Jennifer Stevens

5/11/16 – The Continuing Business of History

Long-time followers of this blog will recognize several recurring themes. In addition to a passion for history, our historians have a passion for the business of history.   Many people outside the profession don’t know the full gamut of career opportunities outside of academia that are available to students of history – or the humanities in… Read the Rest »

5/4/16 – History PhD Alum Invites Students to Consider “What’s Next?”

On April 22, 2016, Jennifer Stevens was invited to speak to a group of graduate students at the UC Davis Humanities Institute on professions outside of academia.  The event was co-sponsored by the History Department.  Dr. Stevens received her PhD in History from UC Davis in 2008. Dr. Stevens discussed her path to focusing on public… Read the Rest »

3/30/16 – Jennifer Stevens answers “Ask a Consulting Historian”

This week on History@Work, the National Council on Public History’s blog, SHRA’s own Jennifer Stevens is profiled in their “Ask a Consulting Historian” series.  If you’ve ever wondered what a career in entrepreneurial history looks like, thought about pursuing history as a career, or just wanted to know more about SHRA, you can do so… Read the Rest »

8/26/15 – John Hope Franklin

The SHRA team was recently in Tulsa, Oklahoma, the state’s second largest city. As I was researching dinner options and looking at a city map, I noticed a street called “John Hope Franklin” Drive. The street name instantly took me back to my 1994 graduate seminar with Professor Carl Harris at U.C. Santa Barbara, and… Read the Rest »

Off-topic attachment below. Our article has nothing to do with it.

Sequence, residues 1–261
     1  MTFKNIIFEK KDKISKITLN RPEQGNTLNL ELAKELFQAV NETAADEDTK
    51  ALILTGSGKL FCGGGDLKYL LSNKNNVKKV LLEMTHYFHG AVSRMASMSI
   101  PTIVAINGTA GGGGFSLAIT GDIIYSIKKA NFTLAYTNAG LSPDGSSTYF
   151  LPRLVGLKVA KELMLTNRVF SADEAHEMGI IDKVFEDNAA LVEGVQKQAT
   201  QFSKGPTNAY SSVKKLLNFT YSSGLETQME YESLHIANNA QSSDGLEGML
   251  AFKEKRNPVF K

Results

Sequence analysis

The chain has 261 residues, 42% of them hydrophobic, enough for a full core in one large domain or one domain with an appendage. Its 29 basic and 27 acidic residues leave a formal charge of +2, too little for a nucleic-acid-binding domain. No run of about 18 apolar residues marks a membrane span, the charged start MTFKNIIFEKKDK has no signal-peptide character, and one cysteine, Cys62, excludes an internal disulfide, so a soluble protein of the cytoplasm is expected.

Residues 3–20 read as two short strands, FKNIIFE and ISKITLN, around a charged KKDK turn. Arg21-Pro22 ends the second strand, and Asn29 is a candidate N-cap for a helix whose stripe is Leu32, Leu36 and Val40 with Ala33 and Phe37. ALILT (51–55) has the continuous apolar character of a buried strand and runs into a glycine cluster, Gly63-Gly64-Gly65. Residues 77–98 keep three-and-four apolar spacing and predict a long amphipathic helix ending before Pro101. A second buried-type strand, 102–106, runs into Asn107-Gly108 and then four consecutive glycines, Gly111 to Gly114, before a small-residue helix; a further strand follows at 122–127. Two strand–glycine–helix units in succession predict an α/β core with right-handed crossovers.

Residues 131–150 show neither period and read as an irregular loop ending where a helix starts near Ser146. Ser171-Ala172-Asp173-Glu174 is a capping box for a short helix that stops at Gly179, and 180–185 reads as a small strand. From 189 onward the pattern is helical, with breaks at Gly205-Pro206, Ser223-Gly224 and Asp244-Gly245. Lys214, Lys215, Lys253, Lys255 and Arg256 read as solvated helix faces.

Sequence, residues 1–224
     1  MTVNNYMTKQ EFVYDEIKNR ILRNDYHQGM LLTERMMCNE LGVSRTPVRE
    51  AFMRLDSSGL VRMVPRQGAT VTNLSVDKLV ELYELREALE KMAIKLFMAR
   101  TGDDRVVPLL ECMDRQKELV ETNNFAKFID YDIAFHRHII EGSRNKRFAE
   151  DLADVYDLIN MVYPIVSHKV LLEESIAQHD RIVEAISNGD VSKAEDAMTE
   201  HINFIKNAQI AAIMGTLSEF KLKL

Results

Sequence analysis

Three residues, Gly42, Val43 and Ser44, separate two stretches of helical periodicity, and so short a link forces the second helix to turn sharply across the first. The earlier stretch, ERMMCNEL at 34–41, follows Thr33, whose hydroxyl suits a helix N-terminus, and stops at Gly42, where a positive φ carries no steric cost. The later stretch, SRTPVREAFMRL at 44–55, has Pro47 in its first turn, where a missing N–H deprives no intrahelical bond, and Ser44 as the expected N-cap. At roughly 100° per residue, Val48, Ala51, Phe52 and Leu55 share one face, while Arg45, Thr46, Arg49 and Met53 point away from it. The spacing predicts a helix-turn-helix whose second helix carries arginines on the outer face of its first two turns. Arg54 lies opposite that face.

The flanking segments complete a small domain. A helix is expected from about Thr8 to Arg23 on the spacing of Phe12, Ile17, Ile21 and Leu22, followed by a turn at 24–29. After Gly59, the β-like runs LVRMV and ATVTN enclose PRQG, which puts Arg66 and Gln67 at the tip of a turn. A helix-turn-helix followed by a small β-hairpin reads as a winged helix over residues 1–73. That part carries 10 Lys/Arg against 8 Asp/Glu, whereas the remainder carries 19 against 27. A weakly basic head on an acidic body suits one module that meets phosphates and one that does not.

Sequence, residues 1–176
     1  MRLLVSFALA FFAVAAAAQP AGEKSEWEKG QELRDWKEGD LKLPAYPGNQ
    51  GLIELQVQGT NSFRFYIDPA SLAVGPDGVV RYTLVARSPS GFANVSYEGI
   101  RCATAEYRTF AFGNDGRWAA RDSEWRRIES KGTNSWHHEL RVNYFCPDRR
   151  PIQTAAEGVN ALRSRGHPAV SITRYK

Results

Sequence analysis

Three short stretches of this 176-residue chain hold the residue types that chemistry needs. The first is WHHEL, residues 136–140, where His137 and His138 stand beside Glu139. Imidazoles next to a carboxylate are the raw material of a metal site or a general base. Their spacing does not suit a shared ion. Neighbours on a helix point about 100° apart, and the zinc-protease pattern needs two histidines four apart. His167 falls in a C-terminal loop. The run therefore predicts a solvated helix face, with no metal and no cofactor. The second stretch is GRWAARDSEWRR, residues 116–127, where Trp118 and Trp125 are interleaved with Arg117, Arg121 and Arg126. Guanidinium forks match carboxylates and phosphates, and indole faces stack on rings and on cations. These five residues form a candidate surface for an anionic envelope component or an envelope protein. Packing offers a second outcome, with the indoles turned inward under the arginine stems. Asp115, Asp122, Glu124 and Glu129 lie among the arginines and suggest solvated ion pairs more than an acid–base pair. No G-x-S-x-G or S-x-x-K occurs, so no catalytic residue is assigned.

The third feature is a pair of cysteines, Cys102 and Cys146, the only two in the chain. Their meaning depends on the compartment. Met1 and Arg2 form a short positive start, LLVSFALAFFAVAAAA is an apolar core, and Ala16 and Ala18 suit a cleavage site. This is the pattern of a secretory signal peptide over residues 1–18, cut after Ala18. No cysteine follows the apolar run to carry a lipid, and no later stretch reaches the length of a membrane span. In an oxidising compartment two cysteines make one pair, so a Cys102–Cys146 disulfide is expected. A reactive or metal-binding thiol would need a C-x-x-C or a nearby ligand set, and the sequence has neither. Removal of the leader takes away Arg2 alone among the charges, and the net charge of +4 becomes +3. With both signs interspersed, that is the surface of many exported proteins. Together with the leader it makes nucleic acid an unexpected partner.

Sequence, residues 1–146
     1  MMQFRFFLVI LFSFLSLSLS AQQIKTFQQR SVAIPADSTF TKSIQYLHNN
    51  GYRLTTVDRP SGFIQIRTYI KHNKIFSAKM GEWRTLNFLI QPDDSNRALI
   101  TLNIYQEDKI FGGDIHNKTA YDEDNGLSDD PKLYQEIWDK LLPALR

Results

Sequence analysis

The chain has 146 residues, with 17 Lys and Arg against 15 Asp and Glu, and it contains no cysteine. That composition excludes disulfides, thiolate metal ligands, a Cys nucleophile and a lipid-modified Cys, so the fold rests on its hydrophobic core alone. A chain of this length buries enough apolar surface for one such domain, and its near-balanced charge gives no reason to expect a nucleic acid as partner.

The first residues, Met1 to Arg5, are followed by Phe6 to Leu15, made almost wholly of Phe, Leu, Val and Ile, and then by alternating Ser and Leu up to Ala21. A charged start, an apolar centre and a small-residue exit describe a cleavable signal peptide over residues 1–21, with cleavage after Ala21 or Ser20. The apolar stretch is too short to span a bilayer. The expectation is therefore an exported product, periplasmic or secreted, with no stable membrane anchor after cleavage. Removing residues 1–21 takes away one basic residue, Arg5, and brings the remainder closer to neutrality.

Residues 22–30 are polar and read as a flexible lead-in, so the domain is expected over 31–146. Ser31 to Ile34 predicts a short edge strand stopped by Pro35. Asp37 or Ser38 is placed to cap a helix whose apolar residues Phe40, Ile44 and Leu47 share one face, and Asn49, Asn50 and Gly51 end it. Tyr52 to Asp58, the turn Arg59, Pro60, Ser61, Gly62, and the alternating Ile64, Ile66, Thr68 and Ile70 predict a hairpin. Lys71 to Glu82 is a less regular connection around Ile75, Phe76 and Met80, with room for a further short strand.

8/19/15 – The Boulder-White Clouds: the Long History of Wilderness in Central Idaho

  Idaho is renowned for its recreational opportunities and magnificent ruggedness. The solitude provided by its rivers and mountains are unmatched. Thus, President Obama’s August 7, 2015 signing of Idaho’s Sawtooth Recreation Area and Jerry Peak Wilderness Additions Act is a significant event in environmental and Idaho history, particularly when viewed as the capstone of… Read the Rest »

6/10/15 – SHRA’s Jennifer Stevens on NCPH’s History@Work blog

This week on the National Council on Public History’s History@Work blog, SHRA’s Jennifer Stevens has a guest post on the intersection of public history and policy.  Click here to read the entire piece, including how a discovery of Arthur Schlesinger, Jr.’s work lead her to her career in entrepreneurial public history.

2/2/15 – Earthquakes

I am sure many of our western readers have experienced at least one earthquake in their lives. And today, with geologists’ ability to monitor and interpret seismological waves and almost instantly identify quakes around the world, you have all no doubt observed devastating earthquake scenes on television. The amount of damage and death that can… Read the Rest »

12/8/14 – FDR’s Court Packing Plan

In April 1937, Texas attorney Richard Burges wrote to his childhood friend Hillary Shewmaker expressing doubt over his vote for Franklin Roosevelt in the recent presidential election. On the heels of his landslide victory, Roosevelt announced proposed legislation to change the composition of the United States Supreme Court, a thinly veiled effort to “pack” the… Read the Rest »

8/21/14 – A Review of Nature Next Door: Cities and Trees in the American Northeast by Ellen Stroud

In the August 2014 edition of  The Public Historian (University of California Press), SHRA’s Jennifer Stevens reviews Nature Next Door: Cities and Trees in the American Northeast by Ellen Stroud.  You can read the review by clicking the link below and scrolling to pages 7 and 8. Book Reviews from The Public Historian, August 2014

8/8/14 – Smallpox in the Archives, a Look at the Spread of Disease in Canyon County, Idaho

In November 1906, a smallpox epidemic broke out in Canyon County, Idaho. It was reported by citizens in Emmett that “people broken out with smallpox were walking the streets,” presumably spreading the disease without knowing it. For the next two years, county physician Dr. William Waldrop traveled extensively around the expansive rural county tending to… Read the Rest »

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